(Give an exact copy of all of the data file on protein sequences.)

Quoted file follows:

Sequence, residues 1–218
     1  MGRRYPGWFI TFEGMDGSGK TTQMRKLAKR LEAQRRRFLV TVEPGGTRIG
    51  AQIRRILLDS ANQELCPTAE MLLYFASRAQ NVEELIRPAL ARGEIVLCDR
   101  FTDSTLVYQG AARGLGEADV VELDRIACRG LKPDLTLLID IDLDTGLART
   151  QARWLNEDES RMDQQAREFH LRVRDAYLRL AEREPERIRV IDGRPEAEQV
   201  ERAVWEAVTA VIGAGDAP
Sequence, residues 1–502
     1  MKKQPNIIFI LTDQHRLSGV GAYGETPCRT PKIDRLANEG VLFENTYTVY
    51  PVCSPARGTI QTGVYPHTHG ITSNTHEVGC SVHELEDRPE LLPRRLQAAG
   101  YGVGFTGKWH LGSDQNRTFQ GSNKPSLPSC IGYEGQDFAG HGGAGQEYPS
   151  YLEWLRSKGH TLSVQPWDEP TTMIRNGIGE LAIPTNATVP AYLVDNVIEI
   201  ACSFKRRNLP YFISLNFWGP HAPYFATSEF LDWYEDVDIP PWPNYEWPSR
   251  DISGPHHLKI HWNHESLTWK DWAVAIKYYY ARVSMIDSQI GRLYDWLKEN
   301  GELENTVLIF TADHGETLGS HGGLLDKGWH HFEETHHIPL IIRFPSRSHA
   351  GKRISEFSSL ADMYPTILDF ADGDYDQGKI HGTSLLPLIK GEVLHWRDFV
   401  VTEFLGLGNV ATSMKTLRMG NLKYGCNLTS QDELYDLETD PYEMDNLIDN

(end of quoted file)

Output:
Sequence, residues 1–218
     1  MGRRYPGWFI TFEGMDGSGK TTQMRKLAKR LEAQRRRFLV TVEPGGTRIG
    51  AQIRRILLDS ANQELCPTAE MLLYFASRAQ NVEELIRPAL ARGEIVLCDR
   101  FTDSTLVYQG AARGLGEADV VELDRIACRG LKPDLTLLID IDLDTGLART
   151  QARWLNEDES RMDQQAREFH LRVRDAYLRL AEREPERIRV IDGRPEAEQV
   201  ERAVWEAVTA VIGAGDAP
Sequence, residues 1–502
     1  MKKQPNIIFI LTDQHRLSGV GAYGETPCRT PKIDRLANEG VLFENTYTVY
    51  PVCSPARGTI QTGVYPHTHG ITSNTHEVGC SVHELEDRPE LLPRRLQAAG
   101  YGVGFTGKWH LGSDQNRTFQ GSNKPSLPSC IGYEGQDFAG HGGAGQEYPS
   151  YLEWLRSKGH TLSVQPWDEP TTMIRNGIGE LAIPTNATVP AYLVDNVIEI
   201  ACSFKRRNLP YFISLNFWGP HAPYFATSEF LDWYEDVDIP PWPNYEWPSR
   251  DISGPHHLKI HWNHESLTWK DWAVAIKYYY ARVSMIDSQI GRLYDWLKEN
   301  GELENTVLIF TADHGETLGS HGGLLDKGWH HFEETHHIPL IIRFPSRSHA
   351  GKRISEFSSL ADMYPTILDF ADGDYDQGKI HGTSLLPLIK GEVLHWRDFV
   401  VTEFLGLGNV ATSMKTLRMG NLKYGCNLTS QDELYDLETD PYEMDNLIDN